Wednesday, February 11, 2009

In which France joins the Orient

Forces literally* beyond my control cause me to find the "Well" blog endlessly fascinating. What is it about health columns that make a person want to wade in a pool of lard, sunbathing, and downing Cheetos by the bucketful? The nutritionists quoted in health articles might consider doing a study on the health-article-induced-unhealthiness phenomenon.

So. In the latest installment of "Well", Tara Parker-Pope, who means well, explains what the Mediterranean Diet consists of, after, I take it, explaining why this is how we should all eat, personal preferences and regional limitations be damned. Despite this explanation, I'm more confused than ever. "Mediterranean" apparently doesn't mean eating what is actually consumed near that particular sea, or what those living in those parts would have eaten during the Golden Age if they had had the money to eat as they pleased. It's about mimicking semi-starvation as experienced in a region that happens to have amazing local produce. If you happen to live somewhere where all foods save delicious vegetables are abundant (say, anywhere in the U.S. that isn't Berkeley), good luck.

But, back to my confusion as to what this Mediterranean noms is all about:

"Mediterranean eating is focused on simple cooking and includes all the foods you already eat, just in different proportions."

What is it I already eat, that the "Well" blog sees, via the camera-thing I don't even use in my laptop? Why not 'the typical American diet'? Why make it personal, especially when the "Well" blog readership probably eats only yogurt, kale, and quinoa, washed down with a decaf and the latest Philip Roth.

"[T]he portions are smaller than typically consumed in a Western diet."

Take that French Orientalist-types, who spend your days sneering at your Arab-immigrant concitoyens! You're not even Western! Western now equals American! How'd you like them pommes! (But why oh why, when a commenter points this out, does TPP ask said commenter to reread the post? France and Italy have not moved, nor has the not entirely geography-specific definition of Western civilization changed so as to exclude all countries other than America.)

"Refined sugar and flour and butter and fats other than olive oil are consumed rarely, if at all."

What is it, then, that pasta is made out of? Is semolina not refined? Is it an American myth that Italians eat pasta, or that French people eat baguettes? This is a serious question. I am genuinely confused. Isn't whole-wheat bread something particular to contemporary diet-conscious Americans?

"One of the key components of Mediterranean eating has to do with the elevation of the meal as a social event."

Fair enough. But is there a culture, other than Evil Contemporary America and all that it has influenced (again, see Rita's wonderful post), that does not elevate the meal in this way? Ashkenazi folk back in the less lean days of the shtetl surely lingered for hours over gefilte fish, pastrami, schmaltz, and sugary tea, along with some cookies baked with animal fat so as not to disrupt the milk-meat what-have-you, but no one's suggesting a Shtetl Food Pyramid.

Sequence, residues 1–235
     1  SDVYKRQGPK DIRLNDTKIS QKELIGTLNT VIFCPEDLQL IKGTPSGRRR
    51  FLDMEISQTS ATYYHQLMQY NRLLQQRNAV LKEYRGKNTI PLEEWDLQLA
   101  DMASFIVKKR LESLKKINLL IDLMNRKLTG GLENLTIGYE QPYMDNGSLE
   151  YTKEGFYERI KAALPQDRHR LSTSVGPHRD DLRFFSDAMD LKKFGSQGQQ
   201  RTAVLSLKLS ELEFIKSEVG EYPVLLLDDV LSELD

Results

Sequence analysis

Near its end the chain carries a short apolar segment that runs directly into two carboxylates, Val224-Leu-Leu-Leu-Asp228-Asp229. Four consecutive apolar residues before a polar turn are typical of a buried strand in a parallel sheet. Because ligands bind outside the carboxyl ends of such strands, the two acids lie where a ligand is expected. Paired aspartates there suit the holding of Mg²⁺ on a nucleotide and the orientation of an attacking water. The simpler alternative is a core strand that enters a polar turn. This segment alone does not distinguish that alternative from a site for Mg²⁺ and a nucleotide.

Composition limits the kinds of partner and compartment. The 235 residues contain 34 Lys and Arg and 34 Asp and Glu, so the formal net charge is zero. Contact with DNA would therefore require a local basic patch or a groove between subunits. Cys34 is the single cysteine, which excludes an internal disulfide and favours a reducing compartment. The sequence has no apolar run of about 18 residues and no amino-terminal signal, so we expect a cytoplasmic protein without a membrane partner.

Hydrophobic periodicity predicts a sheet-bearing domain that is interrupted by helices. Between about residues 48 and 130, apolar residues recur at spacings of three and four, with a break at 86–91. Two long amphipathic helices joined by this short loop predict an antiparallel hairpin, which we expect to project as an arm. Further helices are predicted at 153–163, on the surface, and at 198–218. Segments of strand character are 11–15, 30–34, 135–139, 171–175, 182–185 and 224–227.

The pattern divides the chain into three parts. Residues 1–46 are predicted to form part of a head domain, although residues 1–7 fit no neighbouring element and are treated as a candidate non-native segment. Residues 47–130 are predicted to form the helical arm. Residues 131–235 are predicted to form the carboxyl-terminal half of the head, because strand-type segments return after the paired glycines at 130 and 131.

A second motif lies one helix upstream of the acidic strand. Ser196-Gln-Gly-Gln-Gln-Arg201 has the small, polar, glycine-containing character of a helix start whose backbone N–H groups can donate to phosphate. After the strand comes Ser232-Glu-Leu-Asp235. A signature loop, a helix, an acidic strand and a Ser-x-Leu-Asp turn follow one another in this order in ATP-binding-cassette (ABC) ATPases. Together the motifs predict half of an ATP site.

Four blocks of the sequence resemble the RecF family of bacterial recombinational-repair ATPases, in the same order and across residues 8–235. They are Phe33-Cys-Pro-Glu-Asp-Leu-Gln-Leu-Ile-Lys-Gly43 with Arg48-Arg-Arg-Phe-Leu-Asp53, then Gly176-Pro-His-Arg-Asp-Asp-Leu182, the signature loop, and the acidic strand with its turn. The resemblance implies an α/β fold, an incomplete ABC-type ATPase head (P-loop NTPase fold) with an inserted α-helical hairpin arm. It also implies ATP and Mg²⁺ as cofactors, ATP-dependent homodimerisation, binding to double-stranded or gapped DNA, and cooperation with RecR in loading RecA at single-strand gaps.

"Many of the recipes we typically associate with Mediterranean countries don’t come from coastal communities, but from regions farther to the north."

Take that, blond-northern-types! A swarthy diet is a healthy one. (Though dark-haired, I'm resistant to this point because Camembert, from the non-healthy part of France, is one of the best foods out there.)

"Research on the diet took off in the 1990s, as scientists noted that people in Mediterranean countries lived longer and had low rates of serious disease despite high rates of smoking and drinking."

Indeed, being beautiful, tanned, and European prevents cancer, as we've all known all along. Results obviously not replicable among lower forms of humanity, such as Americans.

And finally, from the Mediterranean Food Pyramid, one more question:

Legumes only weekly? Really? What health problems are associated with eating too many lentils? (OK, I see where this could go, but this not being Jezebel, it won't.)



Paul Gowder said...

Oh god, I hope there aren't any health problems associated with eating too many lentils. The best cheap restaurant in palo alto has this lentil soup... I'm pretty sure there have been weeks when I've consumed it all seven days.

Phoebe said...

Now I want to go to Palo Alto! There's good lentil soup to be had in NYC, but my Middle Eastern source for the stuff was out last time I tried to track it down.

AP said...

Sometimes I get cantankerous when I read your blog (though not cantankerous enough to comment) but I loved this post!

Petey said...

"It's about mimicking semi-starvation as experienced in a region that happens to have amazing local produce."

Well that, but a love for food is also a necessary part of the bargain.

The yummy cuisines that are the best for you are the cuisines from an advanced aesthetic culture suffering from a lack of livestock, which forced the folks to work hard make things get yummy: aka Naples and Japan.

Any stupid culture can make highly edible food if they bathe everything in lard. But it takes hard and inventive work to make highly edible food without abundant pigs.

You got a problem with that? Seems about right to me.

David said...

"includes all the foods YOU already eat, just in different proportions" (emphasis added)..this is an increasingly & depressingly common writing style, clearly based on the assumption that the reader is so narcissistic that he would not be interested in anything unless its direct relevant to him was pointed out in the most simplistic terms. My local telephone weather service doesn't say "here's the weather" but "here's YOUR weather," as if they were microforecasting to the sub-zip-code level.